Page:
My husband and I met in Savannah, Georgia and lived there for six eventful years. Every summer in Savannah — steaming wet with humidity — the cicadas descended en masse, a plague to the Coastal Empire. They hummed like maracas this familiar refrain that still reminds me of impossibly late nights, warm beer, and the lemon-sweet scent of southern magnolias. The first sign of the summer cicadas was not their song, however, but the crisp empty shells left behind from their molting. On limbs, leaves, poles, railings, their shells were everywhere — in the exact likeness of their former selves — a graveyard of brittle armor. Cheery, I know.

I’ve been thinking a lot about the cicada shell lately, specifically as it pertains to a frequent mental, physical, and spiritual state: which is to say emptiness.

I love a good metaphor, especially when it can be used to theatrically exaggerate any particular mental/physical/spiritual state.

Some of my old favorites:

  • For autoimmune woes: “I feel like I’ve been pummeled by a 14th century battering ram.”
  • Also for autoimmune woes: “I feel like an actual dead person.”
  • For insomnia issues: “My brain is like a Dungeons and Dragons dice: before one thought can conclude, another has rolled along, and then another, and another, and another.”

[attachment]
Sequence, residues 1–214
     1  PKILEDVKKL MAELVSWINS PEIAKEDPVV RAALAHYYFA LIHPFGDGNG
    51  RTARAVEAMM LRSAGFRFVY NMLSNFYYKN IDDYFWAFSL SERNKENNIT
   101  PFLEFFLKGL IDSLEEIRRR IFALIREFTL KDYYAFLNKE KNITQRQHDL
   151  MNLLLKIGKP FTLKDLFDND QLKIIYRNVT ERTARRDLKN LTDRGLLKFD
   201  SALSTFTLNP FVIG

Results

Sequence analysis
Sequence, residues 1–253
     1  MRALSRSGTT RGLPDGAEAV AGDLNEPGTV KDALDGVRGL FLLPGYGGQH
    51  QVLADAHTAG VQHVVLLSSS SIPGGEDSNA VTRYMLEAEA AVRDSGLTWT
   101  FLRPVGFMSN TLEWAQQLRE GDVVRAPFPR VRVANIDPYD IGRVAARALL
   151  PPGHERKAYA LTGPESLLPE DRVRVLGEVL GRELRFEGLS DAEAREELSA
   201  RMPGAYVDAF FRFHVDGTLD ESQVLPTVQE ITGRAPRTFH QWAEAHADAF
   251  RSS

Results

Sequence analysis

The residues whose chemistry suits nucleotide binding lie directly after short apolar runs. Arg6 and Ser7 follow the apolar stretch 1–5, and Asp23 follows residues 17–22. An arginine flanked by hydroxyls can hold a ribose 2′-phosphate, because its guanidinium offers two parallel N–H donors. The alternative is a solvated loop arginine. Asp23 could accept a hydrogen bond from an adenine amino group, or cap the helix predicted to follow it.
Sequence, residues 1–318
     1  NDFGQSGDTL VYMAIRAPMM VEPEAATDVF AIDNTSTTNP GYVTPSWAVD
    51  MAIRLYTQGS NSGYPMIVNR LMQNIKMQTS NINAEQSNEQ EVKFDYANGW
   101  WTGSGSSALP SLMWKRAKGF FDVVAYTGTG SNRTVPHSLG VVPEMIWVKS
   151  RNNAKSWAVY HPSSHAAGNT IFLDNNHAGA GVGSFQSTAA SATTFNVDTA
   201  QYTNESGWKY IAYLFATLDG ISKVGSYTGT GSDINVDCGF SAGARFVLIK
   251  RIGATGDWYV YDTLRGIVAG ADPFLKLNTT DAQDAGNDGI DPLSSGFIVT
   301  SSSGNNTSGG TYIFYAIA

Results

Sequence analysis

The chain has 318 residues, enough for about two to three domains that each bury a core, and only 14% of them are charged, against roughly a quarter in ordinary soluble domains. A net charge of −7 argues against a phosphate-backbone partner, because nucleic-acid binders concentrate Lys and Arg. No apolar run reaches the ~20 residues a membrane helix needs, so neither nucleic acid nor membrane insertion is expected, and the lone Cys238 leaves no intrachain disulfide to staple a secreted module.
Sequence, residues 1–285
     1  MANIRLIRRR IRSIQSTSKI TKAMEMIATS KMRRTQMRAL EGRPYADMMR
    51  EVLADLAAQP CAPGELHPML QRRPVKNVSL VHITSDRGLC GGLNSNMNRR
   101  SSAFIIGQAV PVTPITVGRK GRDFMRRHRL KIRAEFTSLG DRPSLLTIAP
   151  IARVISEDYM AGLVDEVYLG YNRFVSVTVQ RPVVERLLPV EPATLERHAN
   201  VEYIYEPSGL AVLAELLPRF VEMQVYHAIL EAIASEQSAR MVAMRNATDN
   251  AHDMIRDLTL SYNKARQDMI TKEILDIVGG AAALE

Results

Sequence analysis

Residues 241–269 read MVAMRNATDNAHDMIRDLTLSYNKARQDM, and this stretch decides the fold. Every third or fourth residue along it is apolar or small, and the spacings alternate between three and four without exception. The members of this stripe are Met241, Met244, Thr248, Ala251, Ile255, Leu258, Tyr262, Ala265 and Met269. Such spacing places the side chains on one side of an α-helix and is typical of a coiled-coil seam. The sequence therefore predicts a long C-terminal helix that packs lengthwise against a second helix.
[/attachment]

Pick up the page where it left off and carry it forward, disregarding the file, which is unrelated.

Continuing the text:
• For sad days: “I feel like a fat man is sitting on my chest…we’re talking seriously obese.”
  • For when I am spiritually exposed: “I feel like a resting target in an open field.”

If my keen literary analysis is correct, God is also a big fan of metaphor. God describes himself as our rock, our father, our fortress, our deliverer, the light of the world, our great physician, our potter, our shield, our stronghold, our living water, our shepherd. God knew, in inspiring his Holy Word, that our human minds could not comprehend the wonder of his actual attributes without the basest earthly things (like, say, a rock) to compare them to.

This is pretty exactly why I tend to drop a metaphor too (God and I are so similar it’s scary); deep down, I don’t believe the poor soul who has stumbled into a conversation with me could possibly comprehend just how hard things really are. Adjectives are not enough — these burdens are not merely “tough,” but exacted by a fat man, a death, a medieval weapon, a bullseye, or a mystical 20-sided dice. If it sounds like a Game of Thrones episode, you’re tracking.

The past few months have been marked by blessing after blessing, gift after gift, adventure after adventure, a book release! — all, in some way, work. The result of this work is a weariness I haven’t really experienced since my first colicky newborn. As if a flailing nonprofit, I’m operating in an excruciating deficit. Other like analogies: I am all poured out, I am puttering on fumes, I wish I were a puppet so that strings instead of me would be responsible for the lifting of my body parts.

I’m exhausted. I’m done. I’M DONE. THERE ARE NOT ENOUGH DRAMATIC METAPHORS IN THE WORLD.